' NECK FOR NECK.'
One of the most trashy plays that wo have seen put on a Dunedin stage was that with which Mr Vivian favored his patrons on Saturday evening. It ia entitled • Neck for Neck,' and is said to be the product of Mr Vivian's own brain. This may or may not be so, but in any case the production is not one the parentage of which any writer should be particularly proud to claim. The so-called plot is not worth describing, it being perhaps more than sufficient to desciibe the principal characters that are pressed into the service,. It is difficult to say where tho scene is laid. All of the characters but one are apparently English, and therefore one would imagine that the action takes place in England ; but then tho presence of a Yankee farmer of very pronounced type loads one to think that the audience are to delude themselves with the idea that they are spending the evening in America. Mr Vivian himself as Simon Punkin, son of this palpable American settler, turns out singularly enough to be the identical low-bred Cockney that we saw him represent in his previous pieces. He has the same tricks of facial expression, the same Btamp of "comic" song, and the same objectionable habit of playing to the audience and brimming over himself with the conscious cleverness of his " own jokes." Cannot Mr Vivian vary himself at all; or is he really able to give us nothing but characters of the one kind ? Clever they are to a certain extent, no doubt; but one is apt to tire of seeing practically the same individual bobbing up and taking part in every play in the present company's large repertory. The hero of the present drama is Walter Willmartb, an able-bodied young banker's clerk, who is wrongfully accused of a murder; is hung—with repulsive details of the hanging business—but cut down in time to save his life; thenceforth wanders about town and country and in and put of private houses in a partially-clad condition and brandishing a pistol, a bundle of papers, and a piece of rope; until at last his much aspersed character is cleared. We were sorry to see so conscientious and able an actor l as Mr Carey reduced to such a pass as to bo required to fill such a part as this. Miss Vivian does very good I work as Walter's betrothed, Carrie FrieI land, and, if we mistake not, also takes the subordinate part of a mysterious witch to whom house doors and room doors alike are as nothing ; she has the power of entering any drawing room or boudoir at her free will, and without asking any questions. Another lady gifted with this same privilege is Simon Punkin's " gal"; but in her case even prison doors fly open, and she is allowed every facility to cut down a hanging man and snpposititiously bear him away in her arms—notwithstanding that to all appearances he outweighs heraboutthree times. The particular villain in this play, one of the gentlemanly kind, is of course played by Mr Jordan, who has a special talent for such parts. Mr Beresford, as the reprobate Jim Johnson, has a considerable amount of prominence given to him ; but it must be said that there is a great deal too much mad 9of tho drunken business. Our Yankee friend is well pourtrayed by Mr Griffiths, who makes as many points as he can out of the weak dialogue put into his mouth, and the remaining characters are fairly filled. ' Neck and Neck' is announced to be played for two more nights, and if it draws good houses the management will have ground for self-congratulation.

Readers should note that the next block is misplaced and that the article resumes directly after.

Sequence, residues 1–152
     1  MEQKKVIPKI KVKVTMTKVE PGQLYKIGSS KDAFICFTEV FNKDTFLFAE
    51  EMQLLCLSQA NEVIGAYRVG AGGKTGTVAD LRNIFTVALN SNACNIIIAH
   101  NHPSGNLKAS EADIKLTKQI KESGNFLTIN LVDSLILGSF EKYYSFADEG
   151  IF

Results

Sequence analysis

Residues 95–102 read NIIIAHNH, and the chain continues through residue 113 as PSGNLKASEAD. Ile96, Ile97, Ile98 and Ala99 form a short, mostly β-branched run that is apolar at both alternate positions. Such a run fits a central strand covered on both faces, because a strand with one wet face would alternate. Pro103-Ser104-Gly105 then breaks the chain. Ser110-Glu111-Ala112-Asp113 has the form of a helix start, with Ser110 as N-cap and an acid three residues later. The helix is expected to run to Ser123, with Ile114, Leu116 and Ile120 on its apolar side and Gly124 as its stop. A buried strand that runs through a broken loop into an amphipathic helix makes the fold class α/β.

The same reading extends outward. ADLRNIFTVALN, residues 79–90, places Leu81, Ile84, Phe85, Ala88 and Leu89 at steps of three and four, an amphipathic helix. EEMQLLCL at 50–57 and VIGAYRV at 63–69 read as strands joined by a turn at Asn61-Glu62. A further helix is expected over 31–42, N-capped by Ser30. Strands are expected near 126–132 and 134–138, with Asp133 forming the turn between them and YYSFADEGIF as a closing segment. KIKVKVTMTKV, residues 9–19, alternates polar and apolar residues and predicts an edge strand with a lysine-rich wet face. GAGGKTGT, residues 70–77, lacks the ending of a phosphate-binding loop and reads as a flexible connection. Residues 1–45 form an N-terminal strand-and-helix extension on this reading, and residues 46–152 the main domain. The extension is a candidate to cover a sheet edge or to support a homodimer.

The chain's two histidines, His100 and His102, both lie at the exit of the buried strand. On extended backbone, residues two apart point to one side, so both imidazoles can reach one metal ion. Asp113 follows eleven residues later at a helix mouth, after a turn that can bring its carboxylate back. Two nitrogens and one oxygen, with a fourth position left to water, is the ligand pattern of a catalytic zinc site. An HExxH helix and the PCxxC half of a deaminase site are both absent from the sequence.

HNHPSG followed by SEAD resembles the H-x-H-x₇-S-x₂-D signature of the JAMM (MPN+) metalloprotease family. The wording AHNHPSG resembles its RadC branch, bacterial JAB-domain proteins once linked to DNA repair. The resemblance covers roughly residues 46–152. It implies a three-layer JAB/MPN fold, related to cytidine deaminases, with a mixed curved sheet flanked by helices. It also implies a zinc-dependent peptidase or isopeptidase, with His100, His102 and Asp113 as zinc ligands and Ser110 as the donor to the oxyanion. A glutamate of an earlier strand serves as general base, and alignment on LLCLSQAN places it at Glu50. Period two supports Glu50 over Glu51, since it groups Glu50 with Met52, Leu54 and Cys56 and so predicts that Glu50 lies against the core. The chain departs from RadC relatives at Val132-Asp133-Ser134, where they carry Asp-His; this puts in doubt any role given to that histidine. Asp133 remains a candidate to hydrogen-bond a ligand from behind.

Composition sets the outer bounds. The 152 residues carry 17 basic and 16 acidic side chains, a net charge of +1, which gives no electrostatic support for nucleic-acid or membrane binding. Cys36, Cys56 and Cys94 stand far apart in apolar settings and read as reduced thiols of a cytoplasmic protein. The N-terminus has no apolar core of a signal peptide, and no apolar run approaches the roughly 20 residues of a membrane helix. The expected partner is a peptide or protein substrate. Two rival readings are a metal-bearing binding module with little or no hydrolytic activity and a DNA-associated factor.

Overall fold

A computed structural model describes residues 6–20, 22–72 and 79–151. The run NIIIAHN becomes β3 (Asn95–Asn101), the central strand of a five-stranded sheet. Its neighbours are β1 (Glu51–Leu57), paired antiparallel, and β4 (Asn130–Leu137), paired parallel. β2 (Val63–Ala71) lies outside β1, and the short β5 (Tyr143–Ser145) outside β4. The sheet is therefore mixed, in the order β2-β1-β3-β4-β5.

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'NECK FOR NECK.', Evening Star, Issue 7947, 1 July 1889
'NECK FOR NECK.' Evening Star, Issue 7947, 1 July 1889
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